—A tired camel

This extract from Jonas Lüscher’s Barbarian Spring, a dark satire of City excess set in the Tunisian desert, tells the start of the end.

While Preising was sleeping, Britannia sank. In fact, the first signs of trouble were evident the evening before, but overnight things took another turn for the worse. The London interbank market had already ground to a standstill. While the capital was still shrouded in darkness, countries whose markets were trading desperately ditched their sterling reserves at a huge loss. A cabinet meeting called by the prime minister sat up all night in Downing Street until daybreak, watching as the pound sank to an all-time low, a fall in value that suddenly became a nosedive when, at 9 a.m. local time, the London Stock Exchange opened for business. Trading really ought to have been suspended that day, but as yet no consensus had emerged on who was to blame for this appalling mess, and until things became clearer the main priority was not to spook Britain’s European and Transatlantic friends. This delay had disastrous consequences, though, as the computer programmes responsible – or rather not responsible – for most of the transactions proved ill-equipped to deal with a scenario that no-one up till now had even thought possible and so the system’s feedback loops went haywire and within minutes had wiped billions off the value of shares before anyone could intervene. At 9.05 a.m. GMT, trading was finally suspended. At the same time, the Chancellor of the Exchequer was the first to go on record with what was already blindingly obvious, announcing that under these circumstances the country would no longer be able to service its horrendous sovereign debt. As he spoke, Marc and Kelly, for whom it was already five past ten, were fast asleep in their Bedouin tent. At precisely that moment, the bill for the wedding, which they were due to pay in Tunisian dinars, outstripped the value of their London terraced house in pounds sterling, with eighty percent of the house still owned by their bank – a bank whose lawyers were already declaring insolvency and drafting an e-mail to the employees advising them to bring a cardboard box into work that day.

By the time the prime minister met the press to announce that Britain had gone bankrupt, Saida had already been up and about for hours, getting the resort shipshape again with her team of bleary-eyed staff. They picked bottles and broken glasses out of the flower beds and shovelled vomit into a wheelbarrow, and Saida made Rachid go into the pool to fish out a recliner that had been thrown in and wake Kelly’s brother, who was still bobbing about in his yellow rubber ring, with his head lolling back towards the water.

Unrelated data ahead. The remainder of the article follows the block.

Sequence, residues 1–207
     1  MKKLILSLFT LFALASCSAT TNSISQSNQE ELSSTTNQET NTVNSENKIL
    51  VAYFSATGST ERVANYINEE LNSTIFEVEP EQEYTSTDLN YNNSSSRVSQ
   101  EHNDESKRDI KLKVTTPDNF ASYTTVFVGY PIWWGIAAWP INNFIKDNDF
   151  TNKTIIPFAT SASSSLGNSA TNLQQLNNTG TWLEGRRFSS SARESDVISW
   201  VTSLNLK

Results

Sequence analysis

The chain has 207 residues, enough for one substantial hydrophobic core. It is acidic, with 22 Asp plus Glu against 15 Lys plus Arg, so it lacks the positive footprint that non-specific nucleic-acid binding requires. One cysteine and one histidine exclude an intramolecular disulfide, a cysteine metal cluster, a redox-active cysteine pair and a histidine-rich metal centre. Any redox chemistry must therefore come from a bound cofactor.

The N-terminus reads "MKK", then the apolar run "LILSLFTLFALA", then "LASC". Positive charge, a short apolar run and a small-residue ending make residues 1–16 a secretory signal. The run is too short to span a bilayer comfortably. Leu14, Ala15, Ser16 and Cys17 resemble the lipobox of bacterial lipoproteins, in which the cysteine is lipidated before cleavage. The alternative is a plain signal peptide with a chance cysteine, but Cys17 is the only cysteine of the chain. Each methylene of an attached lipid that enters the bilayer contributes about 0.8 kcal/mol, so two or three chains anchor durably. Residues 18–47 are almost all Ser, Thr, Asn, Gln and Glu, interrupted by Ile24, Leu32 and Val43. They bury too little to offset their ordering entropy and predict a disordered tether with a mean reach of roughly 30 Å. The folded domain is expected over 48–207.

At the same time as European finance ministers were holding a somewhat panicky and chaotic teleconference, Saida finally found time to go and supervise preparations for the breakfast buffet, before withdrawing to her office with a cup of coffee and, as was her habit, catching up with the latest world news on the Tribune de Genève website. She always found herself hoping there’d be a mention in the section on local politics of the communist city councillor she’d met during her time at hospitality management school, and who she still carried a torch for, though her infatuation was totally one-sided and unrequited.

On this particular day, though, she never got that far. After a brief moment of shock and a swift fact-check on the BBC and CNN websites, she picked up a pocket calculator, totted up the wedding costs, including bed and board for 72 guests, and arrived at a rough figure of six hundred thousand dinars, which amounted, at least a few hours ago, to about a quarter of a million pounds. She got on the phone and instructed the accountant in her father’s office in Tunis to debit the newlyweds’ credit cards to the absurd tune of one million, two hundred and fifty thousand pounds apiece. Of course, she knew full well that even the happy couple’s shiny black credit cards wouldn’t cover that amount, but she was hoping the issuer would at least let them max out. She then dashed to the kitchen to tell the chefs and waiters to cancel the breakfast buffet and clear everything they’d laid out except for a basket of flatbreads and a dish of hummus.
She wasn’t at all surprised when the news came back from Tunis that both credit cards had already been blocked, nor did she have any joy when she tried the credit cards of other guests, who’d bought rounds of drinks on tabs at the bar and given their card numbers. As things now stood, it seemed all credit cards issued by British banks had been cancelled; indeed, as far as she knew the whole system of international payment transactions was on the verge of collapse.
Slim Malouch’s secretary told Saida her father couldn’t come to the phone, not even to speak to his daughter. Saida hung up, cursing that apartment in a middle-class, new-build development on the outskirts of Tunis, which she wasn’t supposed to know about but where she suspected her father was right now. So that was that, then. For the next few hours, she’d be on her own. It was time to act.

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